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Let me save the state of Wyoming from wasting $45 million.

Gov. Dave Freudenthal’s budget recommendations to the Legislature include a $45 million allocation for the University of Wyoming’s "budget ... for continuation and acceleration of carbon sequestration research."

Tom Buchanan, UW president, put a self-reassuring exclamation mark on the plan: "The funds will support a carbon sequestration initiative" and "the purpose is to demonstrate the injection of carbon dioxide into underground rock formations. Injection will be followed by measuring, monitoring and verification to ensure that the carbon dioxide remains captured and behaves as expected."

Noble university goal on the surface and frankly others, including myself a year ago, would have applauded the effort. But after a recent definitive work, this project will be a major exercise in futility other than funding research programs of professors who, frankly, should have done their homework already. The indictment of the project is actually pretty simple.

Carbon capture and sequestration (CCS) has been the great hope of middle-of-the-road characters, people other than radical "greenies" or their "right-wing" adversaries. Coal and some oil companies and several world governments have jumped on this and it has figured prominently in many energy and climate scenarios by think-tanks and universities. In some ways it has acted as an "indulgence" certificate. The logic goes that no matter what one’s position is on anthropogenic global warming (whose science is suffering a slow and painful-to-watch death), we have a way to paper over the debate. Engineers, and in particular, petroleum engineers, the ones accused of destroying the planet by the products, have a solution. Let’s literally bury the problem by re-injecting the offending gas back into the ground. Targets can be old oil and gas reservoirs but, more mentioned, are deep saline aquifers of which there are plenty.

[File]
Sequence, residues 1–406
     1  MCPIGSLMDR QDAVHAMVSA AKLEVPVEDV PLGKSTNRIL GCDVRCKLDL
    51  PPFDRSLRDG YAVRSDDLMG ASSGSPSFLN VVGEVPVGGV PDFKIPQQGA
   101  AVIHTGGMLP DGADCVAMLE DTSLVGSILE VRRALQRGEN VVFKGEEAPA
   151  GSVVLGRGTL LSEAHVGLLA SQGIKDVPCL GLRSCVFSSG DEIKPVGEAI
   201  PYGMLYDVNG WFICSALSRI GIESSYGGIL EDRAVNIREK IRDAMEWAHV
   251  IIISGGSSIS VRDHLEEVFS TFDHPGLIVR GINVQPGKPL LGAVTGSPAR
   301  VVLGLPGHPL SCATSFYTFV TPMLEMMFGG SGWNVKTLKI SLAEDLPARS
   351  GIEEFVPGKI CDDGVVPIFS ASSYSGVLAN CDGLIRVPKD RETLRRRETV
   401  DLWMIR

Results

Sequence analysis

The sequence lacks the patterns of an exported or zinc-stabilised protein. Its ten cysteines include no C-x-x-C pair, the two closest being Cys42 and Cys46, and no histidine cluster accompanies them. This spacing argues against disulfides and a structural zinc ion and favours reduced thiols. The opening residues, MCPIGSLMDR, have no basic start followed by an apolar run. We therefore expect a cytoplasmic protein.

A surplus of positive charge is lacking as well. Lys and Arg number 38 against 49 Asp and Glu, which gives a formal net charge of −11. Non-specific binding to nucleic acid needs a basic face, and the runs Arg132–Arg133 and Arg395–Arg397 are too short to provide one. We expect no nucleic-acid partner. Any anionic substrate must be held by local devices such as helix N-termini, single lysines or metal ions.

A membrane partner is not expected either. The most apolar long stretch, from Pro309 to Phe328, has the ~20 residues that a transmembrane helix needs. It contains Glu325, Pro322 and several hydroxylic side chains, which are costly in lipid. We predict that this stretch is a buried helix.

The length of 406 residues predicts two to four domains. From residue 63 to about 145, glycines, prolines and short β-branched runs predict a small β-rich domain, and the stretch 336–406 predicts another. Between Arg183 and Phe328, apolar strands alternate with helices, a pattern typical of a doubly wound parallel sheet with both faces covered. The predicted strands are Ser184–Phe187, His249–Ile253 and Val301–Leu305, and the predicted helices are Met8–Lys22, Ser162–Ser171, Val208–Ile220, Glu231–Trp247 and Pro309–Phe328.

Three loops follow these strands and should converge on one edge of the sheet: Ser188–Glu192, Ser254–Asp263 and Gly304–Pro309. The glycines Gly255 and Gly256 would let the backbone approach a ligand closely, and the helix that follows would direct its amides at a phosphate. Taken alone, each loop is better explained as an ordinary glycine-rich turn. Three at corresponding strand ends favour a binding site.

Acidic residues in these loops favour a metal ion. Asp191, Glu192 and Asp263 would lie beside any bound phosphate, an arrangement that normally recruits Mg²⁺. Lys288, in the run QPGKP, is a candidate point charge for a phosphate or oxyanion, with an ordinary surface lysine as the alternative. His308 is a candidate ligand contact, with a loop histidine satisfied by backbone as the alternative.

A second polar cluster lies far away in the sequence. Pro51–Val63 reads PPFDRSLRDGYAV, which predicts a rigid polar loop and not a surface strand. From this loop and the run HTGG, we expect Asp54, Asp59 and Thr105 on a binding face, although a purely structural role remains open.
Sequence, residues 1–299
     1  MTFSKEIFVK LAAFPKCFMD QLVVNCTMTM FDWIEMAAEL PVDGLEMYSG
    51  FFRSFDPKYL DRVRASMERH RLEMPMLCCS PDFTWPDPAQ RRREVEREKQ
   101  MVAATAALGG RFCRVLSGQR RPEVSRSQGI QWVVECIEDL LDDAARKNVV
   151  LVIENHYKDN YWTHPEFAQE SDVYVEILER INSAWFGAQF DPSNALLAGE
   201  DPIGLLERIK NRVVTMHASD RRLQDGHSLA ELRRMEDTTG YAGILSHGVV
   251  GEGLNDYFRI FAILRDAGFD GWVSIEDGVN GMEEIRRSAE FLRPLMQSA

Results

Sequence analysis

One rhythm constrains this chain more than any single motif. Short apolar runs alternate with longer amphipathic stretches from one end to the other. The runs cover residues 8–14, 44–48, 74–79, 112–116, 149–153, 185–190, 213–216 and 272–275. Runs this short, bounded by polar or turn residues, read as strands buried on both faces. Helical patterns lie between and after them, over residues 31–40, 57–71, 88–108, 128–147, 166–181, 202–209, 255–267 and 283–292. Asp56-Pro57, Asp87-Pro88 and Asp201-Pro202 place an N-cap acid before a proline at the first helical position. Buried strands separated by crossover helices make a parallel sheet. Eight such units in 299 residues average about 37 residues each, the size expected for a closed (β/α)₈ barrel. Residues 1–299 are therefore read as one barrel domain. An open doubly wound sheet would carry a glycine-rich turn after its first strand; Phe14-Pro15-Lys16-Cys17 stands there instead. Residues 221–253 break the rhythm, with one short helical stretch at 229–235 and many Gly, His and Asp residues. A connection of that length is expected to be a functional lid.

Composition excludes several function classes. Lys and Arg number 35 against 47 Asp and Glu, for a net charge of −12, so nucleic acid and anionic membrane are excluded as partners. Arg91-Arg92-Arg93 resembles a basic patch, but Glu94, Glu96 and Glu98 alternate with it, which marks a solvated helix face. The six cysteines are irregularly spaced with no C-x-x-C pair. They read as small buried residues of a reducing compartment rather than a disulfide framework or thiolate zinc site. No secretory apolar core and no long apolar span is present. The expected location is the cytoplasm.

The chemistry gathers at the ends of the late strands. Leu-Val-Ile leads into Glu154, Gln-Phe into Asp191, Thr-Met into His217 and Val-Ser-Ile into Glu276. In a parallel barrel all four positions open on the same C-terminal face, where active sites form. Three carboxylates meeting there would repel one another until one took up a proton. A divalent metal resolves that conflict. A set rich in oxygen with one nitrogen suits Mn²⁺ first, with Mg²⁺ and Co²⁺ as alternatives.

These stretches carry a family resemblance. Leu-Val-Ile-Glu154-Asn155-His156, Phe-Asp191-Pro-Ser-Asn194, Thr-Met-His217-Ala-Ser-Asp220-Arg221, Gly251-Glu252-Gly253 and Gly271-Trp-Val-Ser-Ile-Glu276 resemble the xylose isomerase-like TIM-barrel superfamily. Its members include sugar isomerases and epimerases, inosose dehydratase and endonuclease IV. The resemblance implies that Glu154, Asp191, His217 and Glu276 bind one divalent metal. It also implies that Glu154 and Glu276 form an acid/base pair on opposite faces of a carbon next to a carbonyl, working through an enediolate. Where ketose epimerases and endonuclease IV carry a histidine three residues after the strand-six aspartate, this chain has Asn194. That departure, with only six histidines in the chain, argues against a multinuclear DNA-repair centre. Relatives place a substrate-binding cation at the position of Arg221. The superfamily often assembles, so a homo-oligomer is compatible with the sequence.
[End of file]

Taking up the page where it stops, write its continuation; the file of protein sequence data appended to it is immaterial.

Several coal companies and even oil companies tout CCS and some petroleum engineers, who ought to know better had they done simple calculations, have jumped on the bandwagon. The stakes are high and the rewards for those that promote the idea are lucrative. As the Wyoming proposal shows there is plenty of government and even company money for this. As usual, some researchers, instead of studying the very feasibility of the process, already taken for granted in some circles, have started working on peripheral aspects, such as solubility of CO2 in water and even mineralization, things that take tens to hundreds of thousands of years to mature.

So, the capture and subsequent geologic sequestration of CO2 has been central to plans for managing CO2 produced by the combustion of fossil fuels. Most agree that the magnitude of the task is overwhelming in both physical needs and cost, and it entails several components including capture, gathering and injection. But in the current political environment how can anybody assess what an appropriate cost is if saving the planet is at stake?